Friday, October 7, 2011

A High Speed Audience (Readers Want it Right Now!)

I like to think I still enjoy the little things in life, and the slower ways of going about doing things, but I know even I get caught in the high speed trap. The pull of instant gratification and the ability to get what we want faster than before.

We get the Internet quicker. You can go through a drive-thru to get that grande Chai tea latte instead of waiting inside. Pizza comes to your front door and if you want to read a book, get it on your Kindle so you can read that first sentence within ten minutes without even setting foot in a store (hey, you can even stay in your pajamas!).

I fall into these traps and as a reader and writer of romance, I know reading audiences do, too. Not everyone, mind you, but many of us want a book to pull us in right away and want that momentum to keep going.

Yes, we must write the story that's on our hearts but we can also be mindful of what readers are looking for.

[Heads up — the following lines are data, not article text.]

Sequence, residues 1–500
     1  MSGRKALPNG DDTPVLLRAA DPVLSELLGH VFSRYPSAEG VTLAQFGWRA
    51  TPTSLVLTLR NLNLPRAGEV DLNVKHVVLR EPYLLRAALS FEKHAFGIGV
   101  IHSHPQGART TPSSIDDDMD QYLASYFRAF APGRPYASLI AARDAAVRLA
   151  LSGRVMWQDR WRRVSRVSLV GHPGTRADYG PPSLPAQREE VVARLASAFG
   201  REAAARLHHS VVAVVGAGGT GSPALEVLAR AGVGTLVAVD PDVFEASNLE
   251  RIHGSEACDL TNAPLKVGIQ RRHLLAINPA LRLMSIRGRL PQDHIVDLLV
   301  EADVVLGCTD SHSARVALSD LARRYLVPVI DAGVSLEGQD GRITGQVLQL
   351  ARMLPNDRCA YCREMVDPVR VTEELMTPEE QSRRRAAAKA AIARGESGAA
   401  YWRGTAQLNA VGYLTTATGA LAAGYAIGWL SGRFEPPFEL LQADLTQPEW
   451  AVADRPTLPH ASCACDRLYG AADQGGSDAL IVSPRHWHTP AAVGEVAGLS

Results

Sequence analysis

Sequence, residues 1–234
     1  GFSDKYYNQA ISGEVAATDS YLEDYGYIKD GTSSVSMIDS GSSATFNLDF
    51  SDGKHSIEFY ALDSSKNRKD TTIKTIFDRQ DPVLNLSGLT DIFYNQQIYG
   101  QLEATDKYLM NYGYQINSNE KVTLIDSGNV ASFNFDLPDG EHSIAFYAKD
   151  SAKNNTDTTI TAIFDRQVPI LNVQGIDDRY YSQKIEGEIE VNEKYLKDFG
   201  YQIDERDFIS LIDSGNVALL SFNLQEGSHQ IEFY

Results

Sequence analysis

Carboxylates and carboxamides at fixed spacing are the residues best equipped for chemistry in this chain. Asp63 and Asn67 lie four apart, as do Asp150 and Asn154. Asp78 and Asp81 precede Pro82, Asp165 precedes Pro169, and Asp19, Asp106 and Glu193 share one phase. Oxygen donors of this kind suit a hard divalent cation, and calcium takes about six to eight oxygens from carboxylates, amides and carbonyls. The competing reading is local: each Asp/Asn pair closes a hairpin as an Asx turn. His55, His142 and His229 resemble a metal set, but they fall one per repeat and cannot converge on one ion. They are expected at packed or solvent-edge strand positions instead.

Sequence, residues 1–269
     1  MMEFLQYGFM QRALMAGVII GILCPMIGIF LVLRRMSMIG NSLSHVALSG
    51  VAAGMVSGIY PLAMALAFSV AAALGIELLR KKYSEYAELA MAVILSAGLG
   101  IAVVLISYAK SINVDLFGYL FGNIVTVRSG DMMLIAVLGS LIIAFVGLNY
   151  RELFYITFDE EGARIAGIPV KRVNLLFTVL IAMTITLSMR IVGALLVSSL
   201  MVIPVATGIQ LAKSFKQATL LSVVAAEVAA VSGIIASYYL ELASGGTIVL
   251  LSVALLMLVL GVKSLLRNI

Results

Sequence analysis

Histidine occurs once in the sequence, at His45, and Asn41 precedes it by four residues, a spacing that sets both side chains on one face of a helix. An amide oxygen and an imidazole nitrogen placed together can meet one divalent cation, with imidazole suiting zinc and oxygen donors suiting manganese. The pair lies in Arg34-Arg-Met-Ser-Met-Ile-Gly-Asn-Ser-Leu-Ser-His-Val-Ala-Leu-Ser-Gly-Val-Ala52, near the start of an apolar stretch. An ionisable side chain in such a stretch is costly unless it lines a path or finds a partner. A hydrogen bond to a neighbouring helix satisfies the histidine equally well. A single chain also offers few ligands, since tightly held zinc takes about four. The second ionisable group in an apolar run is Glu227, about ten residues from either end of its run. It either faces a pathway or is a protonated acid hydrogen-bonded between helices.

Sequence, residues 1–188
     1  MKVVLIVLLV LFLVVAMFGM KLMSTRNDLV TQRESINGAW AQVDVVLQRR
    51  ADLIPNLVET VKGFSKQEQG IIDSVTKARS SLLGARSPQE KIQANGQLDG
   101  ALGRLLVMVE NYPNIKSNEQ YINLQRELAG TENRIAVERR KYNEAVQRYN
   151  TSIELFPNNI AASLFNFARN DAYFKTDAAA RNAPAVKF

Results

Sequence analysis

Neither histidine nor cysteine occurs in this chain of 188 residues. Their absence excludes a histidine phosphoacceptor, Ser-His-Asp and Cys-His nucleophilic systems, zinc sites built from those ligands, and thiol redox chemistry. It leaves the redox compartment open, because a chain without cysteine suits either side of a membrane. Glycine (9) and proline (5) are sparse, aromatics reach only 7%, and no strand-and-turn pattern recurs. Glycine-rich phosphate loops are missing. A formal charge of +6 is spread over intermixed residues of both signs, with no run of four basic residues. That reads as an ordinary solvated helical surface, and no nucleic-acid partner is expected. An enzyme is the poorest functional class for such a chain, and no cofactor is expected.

Why do readers want to get drawn into a novel right away?

Limited Time

The reality is, everything is going faster these days, and most of us have more commitments. And that leaves us less time for the leisure of reading. Less time means we'd better use that time more wisely. Presenting readers with a book that snatches them up and keeps them there is going to make them feel like reading your story is more worthwhile.

A Break from Reality

Again, life gets crazy sometimes. What better to take a break from that than to escape from reality with a book? And if we're going to invest that time, it means that book better draw us in right away.

What will pull readers in and keep them turning page after page?

An Instant Hook

Catch readers from line one and make them stick. That first chapter is important - make sure you give it lots of attention.

Cut Out Backstory

One of the quickest ways to lose a reader is to drop in too much backstory or drop it in too early. Make sure it's gradual and make sure it's minimal - that every flashback or explanation has a point and keeps the reader's attention.